Google Glass at the Crossroads

Augmented Reality – Google Glass has been a topic for very many articles in the past but with an email from Google headquarters, this all could go away in a heartbeat. Several recent publications suggest that this is already happening.

The MIT Technology Review has published an article called “Google Glass Is Dead; Long Live Smart Glasses” that explains that Google Glass is dead, based on the fact that Babak Parviz, the creator of Glass, left Google in July for a job as a vice president at Amazon and that several companies have stopped making apps for Google Glass. In its view, the downfall stems from coming out to the market with early prototypes, when more development was needed to attract broader consumer interest in the final product.

The article concludes that while the Google Glass device is dead, other technologies will bring augmented reality to new heights, which is a statement one would expect from a technophile’s publication like the MIT Technology Review.

C/Net has also asked in a video if Google Glass can be saved, basing its assessment on the fact that the consumer roll-out of Google Glass has been pushed back to 2015. C/Net also notes that the Google Glass Basecamps (Google Glass focused stores in four major cities) will be closing down and do not except any new appointments. I guess we can expect some interviews of ex-employees after the shutdown to learn more about why Google Glass will fail.

The Wired sees “The Only Way to Save Google Glass Is to Kill It” as a reminder that Google Glass even still exists. I guess when you swim only on the wave of the latest news you forget about existing products, where companies are supposed to earn the money to come up with new products in the first place.

As The Wired points out pretty much the same as the two sources above (people leaving and locations being shut down), it makes a very good point, which is that Google is not a hardware company. It just does not have the DNA to develop, manufacture (or better, have manufactured) and market a hardware product. As an example, it cites the disaster surrounding the Motorola Mobile division and the envisioned Google phone.

From my perspective, this is all about executive management strategies that can change in a heartbeat. Though could the same happen to Google Glass? Absolutely! If Google sees no economic or strategic value in keeping Google Glass around, it is doomed. Google is known for shutting down non-profitable ventures faster than we can write articles about it.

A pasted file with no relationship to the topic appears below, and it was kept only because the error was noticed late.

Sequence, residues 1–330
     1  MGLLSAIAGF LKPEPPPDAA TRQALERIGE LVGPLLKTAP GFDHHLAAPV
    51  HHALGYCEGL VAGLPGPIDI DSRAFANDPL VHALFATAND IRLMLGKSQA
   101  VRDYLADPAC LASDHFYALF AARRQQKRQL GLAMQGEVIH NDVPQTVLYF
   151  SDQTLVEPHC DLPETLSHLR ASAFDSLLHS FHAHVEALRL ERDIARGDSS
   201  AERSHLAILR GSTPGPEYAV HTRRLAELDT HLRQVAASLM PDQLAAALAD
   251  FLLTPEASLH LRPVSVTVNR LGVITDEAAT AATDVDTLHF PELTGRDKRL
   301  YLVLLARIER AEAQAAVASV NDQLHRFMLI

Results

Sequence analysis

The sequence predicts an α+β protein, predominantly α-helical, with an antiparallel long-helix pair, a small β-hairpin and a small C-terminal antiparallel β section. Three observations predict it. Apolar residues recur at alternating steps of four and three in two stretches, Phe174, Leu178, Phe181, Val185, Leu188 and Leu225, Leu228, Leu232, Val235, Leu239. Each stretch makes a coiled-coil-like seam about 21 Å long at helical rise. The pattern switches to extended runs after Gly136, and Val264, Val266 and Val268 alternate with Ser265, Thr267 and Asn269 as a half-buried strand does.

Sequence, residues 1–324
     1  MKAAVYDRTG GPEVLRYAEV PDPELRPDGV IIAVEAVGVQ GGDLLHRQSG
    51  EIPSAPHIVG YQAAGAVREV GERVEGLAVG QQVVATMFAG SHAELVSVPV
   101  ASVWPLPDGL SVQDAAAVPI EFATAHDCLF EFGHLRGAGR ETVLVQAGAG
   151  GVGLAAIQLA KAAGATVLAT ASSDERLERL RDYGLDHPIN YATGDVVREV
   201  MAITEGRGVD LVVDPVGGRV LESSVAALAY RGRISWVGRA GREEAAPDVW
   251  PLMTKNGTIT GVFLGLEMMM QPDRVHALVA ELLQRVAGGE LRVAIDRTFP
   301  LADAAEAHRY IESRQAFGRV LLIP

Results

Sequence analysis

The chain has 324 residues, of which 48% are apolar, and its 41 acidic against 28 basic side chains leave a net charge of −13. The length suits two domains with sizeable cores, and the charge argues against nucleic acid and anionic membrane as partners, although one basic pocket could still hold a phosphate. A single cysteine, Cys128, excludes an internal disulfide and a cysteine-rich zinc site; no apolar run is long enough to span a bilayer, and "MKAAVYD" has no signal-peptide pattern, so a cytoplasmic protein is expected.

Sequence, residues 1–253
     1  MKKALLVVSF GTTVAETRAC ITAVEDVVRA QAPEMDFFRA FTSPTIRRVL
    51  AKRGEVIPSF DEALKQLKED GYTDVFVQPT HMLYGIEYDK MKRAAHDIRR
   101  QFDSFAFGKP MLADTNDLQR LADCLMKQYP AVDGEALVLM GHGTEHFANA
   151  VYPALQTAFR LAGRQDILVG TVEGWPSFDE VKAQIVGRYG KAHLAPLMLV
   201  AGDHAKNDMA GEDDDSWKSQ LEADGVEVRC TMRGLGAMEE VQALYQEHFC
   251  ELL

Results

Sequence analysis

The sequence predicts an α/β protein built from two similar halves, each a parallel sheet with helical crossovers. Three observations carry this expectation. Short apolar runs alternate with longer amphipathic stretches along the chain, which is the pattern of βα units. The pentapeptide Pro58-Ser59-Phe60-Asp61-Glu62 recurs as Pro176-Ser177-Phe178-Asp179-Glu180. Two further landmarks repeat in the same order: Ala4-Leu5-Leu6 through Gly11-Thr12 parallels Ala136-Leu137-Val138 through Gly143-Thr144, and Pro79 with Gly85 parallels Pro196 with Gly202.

The CNBC published “Not cool? Diehards abandon Google Glass” about Google co-founder Sergey Brin who actually attended a Silicon Valley event without wearing his Google Glass. Apparently he left it in the car. The article suggests that Google Glass may find some very good and lucrative uses in the workspace, but the chances to penetrate consumer markets are rather slim.

So, where does that leave us? Google Glass is dead, long live augmented reality!

When we look at other introductions of new technologies, the typical adoption follows Rogers adoption and innovation curve. Geoffrey Moore added the Chasm and more recently Gartner added the Trough of Disillusionment which every product has to pass before it reaches success in the market. It doesn’t matter what you call it, but Google Glass has definitely hit it – big time.

As it seems, the higher the “Peak of Inflated Expectations” is, to stay with the Gartner hype cycle, the deeper the “Trough of Disillusionment”. No matter what the companies say, we have to write an RIP note that reaches the product live and well, or as Mark Twain put it “the report of my death was an exaggeration”. According to several sources, Google insists that it will launch Google Glass at a later date. We will see.

Display Central Comment

What is a fact right now, at $1,500 consumers are not lining up to jump on the bandwagon. How important is the killer app that many claim is missing from augmented reality headsets? I would say that this question is also greatly exaggerated. Consumers will have different needs and requirements and what is a killer app for one may not be one for someone else. In my opinion the entry price point is not at a level that will allow for mass adoption. When we look at price points for TVs, why would I spend that much money on Google Glass when I can get a 55″ UHD TV for less? I think smartglasses have not found their sweet spot when it comes to street price. Everything else seems to me secondary. If the first iPhone would have carried a cost of $1,500 a piece, I strongly believe adoption rates would have been close to zero too. And we know how that went. – Norbert Hildebrand